Many people in the industry consider this a golden age for beverages.
For decades, it was simply classic carbonated soft drink flavors, juices, plain and chocolate milk, full bodied beers and tap water. In the 1980’s we all witnessed the first steps toward innovation – aside from light beers – taken by New York Seltzer, Clearly Canadian, Quest and others who dabbled in adding different flavors into the tried and true. Following those early pioneers came some of our most creative and revolutionary brands, including Snapple and AriZona. The flood gates had opened.
Soon, hundreds of products were being launched and consumers were exposed to a myriad of choices. SoBe, Jones and vitaminwater became headliners for a new generation of exciting products. And the range and variety has only increased with the discovery of new fruits and functions.
So now we are in what should be the best of times for beverages. Combining years of innovation with functionality should make for beverage nirvana. But I’ve got to tell you, someone keeps screwing up one of the fundamentals.
See, every day, I speak with beverage marketers who extol the virtues of this brand or that one that will be the next great thing. They detail their position, packaging and marketing commitment to making it a success. Frequently, a picture of Lindsay Lohan sipping the drink in question is enclosed. Excitedly, I ask to be sent a sample of their labor of love. I receive the shipment, immediately put it in my refrigerator, (note: readers of this column are aware that my refrigerator is a favorite perk!) and look forward to tasting it when chilled.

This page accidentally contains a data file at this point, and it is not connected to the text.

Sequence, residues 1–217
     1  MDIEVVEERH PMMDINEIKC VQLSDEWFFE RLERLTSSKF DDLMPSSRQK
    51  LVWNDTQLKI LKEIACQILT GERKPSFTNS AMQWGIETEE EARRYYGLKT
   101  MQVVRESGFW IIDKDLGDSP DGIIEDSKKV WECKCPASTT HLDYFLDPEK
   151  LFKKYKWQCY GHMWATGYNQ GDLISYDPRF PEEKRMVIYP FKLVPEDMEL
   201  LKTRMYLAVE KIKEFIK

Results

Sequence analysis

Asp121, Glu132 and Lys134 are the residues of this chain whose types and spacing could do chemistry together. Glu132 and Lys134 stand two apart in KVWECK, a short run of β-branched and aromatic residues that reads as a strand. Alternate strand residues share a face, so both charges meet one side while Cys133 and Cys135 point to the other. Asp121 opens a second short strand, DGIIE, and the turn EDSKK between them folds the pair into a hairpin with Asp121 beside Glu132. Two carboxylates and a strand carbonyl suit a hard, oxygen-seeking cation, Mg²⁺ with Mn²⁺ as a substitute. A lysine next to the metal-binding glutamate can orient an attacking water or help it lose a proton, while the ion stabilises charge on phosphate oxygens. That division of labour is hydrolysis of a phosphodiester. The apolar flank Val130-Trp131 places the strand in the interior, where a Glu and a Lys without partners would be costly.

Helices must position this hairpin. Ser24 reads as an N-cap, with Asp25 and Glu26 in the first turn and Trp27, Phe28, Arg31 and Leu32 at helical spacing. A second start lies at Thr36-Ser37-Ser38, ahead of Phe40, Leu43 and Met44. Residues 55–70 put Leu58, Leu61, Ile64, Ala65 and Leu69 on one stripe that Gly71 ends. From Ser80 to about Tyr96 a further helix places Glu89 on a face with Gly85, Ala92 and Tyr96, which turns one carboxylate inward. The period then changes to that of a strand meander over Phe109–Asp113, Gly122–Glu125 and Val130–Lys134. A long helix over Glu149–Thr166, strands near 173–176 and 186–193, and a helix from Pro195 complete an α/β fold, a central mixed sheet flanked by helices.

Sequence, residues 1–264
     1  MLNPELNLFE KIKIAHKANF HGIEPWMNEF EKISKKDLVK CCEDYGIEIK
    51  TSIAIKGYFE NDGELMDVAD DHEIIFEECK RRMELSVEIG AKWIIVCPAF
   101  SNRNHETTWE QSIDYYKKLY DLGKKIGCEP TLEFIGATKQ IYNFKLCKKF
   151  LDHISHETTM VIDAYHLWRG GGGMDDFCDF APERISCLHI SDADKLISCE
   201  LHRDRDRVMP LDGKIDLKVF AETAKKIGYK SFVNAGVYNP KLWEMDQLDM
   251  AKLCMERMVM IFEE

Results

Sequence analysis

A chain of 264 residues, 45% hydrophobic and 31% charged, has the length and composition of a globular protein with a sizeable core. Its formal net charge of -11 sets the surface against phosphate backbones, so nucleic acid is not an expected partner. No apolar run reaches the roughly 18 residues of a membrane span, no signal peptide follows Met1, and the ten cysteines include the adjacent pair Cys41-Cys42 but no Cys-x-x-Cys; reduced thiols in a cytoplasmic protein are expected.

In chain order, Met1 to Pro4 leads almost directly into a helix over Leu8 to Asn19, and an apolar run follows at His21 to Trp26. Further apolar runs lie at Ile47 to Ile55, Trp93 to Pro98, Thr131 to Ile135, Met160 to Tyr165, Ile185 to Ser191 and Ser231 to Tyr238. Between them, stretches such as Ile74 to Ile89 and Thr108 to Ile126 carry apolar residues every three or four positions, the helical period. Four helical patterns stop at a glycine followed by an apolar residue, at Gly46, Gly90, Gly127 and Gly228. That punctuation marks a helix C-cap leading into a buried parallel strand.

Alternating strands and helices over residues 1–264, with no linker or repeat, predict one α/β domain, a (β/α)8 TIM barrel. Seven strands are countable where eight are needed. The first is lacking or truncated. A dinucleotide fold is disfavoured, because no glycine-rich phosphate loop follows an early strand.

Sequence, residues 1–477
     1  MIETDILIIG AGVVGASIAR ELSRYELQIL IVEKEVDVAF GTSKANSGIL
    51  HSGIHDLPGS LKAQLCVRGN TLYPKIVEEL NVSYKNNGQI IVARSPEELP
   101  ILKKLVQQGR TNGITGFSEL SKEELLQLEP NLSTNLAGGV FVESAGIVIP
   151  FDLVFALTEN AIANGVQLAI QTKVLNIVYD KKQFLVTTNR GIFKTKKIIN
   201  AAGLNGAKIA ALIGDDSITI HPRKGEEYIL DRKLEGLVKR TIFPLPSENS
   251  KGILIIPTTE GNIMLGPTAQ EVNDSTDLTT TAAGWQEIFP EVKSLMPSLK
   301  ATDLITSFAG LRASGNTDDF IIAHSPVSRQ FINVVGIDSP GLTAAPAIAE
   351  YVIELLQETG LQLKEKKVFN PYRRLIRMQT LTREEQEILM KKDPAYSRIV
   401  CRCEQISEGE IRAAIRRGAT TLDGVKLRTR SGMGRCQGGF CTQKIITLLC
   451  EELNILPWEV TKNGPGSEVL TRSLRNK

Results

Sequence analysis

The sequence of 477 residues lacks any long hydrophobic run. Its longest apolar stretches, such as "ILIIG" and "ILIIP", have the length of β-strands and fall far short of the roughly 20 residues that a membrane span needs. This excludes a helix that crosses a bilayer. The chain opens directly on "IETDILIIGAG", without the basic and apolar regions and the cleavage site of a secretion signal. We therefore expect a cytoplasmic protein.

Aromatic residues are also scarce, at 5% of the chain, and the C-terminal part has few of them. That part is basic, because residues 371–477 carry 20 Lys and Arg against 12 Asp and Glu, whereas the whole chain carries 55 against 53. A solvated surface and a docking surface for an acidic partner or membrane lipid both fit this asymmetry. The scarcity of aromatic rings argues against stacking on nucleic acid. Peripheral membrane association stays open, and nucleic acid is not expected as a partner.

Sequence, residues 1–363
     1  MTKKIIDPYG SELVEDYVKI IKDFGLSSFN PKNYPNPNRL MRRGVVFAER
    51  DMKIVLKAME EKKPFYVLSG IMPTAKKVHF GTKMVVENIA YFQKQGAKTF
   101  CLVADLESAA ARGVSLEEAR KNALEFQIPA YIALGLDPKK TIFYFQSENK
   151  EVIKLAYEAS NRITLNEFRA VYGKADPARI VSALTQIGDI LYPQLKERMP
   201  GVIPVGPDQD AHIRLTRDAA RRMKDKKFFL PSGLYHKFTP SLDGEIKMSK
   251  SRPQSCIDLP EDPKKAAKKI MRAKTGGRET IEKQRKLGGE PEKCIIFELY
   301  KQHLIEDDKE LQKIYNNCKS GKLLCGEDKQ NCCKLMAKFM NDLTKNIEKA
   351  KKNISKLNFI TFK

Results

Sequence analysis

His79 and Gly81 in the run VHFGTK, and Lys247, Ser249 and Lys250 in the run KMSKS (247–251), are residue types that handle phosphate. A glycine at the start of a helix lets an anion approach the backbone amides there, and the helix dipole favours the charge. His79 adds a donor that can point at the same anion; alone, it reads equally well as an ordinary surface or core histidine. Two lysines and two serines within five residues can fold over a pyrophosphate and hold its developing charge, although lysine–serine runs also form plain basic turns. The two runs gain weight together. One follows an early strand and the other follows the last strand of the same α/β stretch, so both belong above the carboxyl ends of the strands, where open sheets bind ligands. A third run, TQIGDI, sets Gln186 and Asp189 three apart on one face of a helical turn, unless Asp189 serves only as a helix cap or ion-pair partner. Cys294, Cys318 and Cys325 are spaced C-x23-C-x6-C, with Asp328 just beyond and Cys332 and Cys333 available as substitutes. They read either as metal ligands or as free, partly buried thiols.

That’s when my anticipation runs smack into sour, bitter reality.
See, more often than not these days, the fi rst sip, and the next and the next are just plain disappointing. These products, they aren’t drinkable. I cannot tell you how many times I try a product and say, “what were they thinking?”
I have a simple credo when it comes to beverages, and I can assure you that the consumer is in lockstep with me on this. THEY MUST TASTE GOOD. When I look at the brands that have become standards in the industry, they all had one thing in common. Taste.
To those of you who actually read my column, you know I constantly promote all the innovation, the functionality, effi cacy, the health benefi ts, and the natural ingredients that manufacturers are using to invigorate their beverages.
Eventually, I know they will take the industry to the next level. Yet in their zeal to create the cutting-edge brand, many marketers are leaving out the most important part of the equation: their beverages must be a joy to drink.
I write this column as a beverage magazine publisher and, more importantly, as a consumer. There is nothing better that a great tasting drink. Create them and we will truly have a golden age for beverages. Otherwise, we’ll all just be drinking our medicine.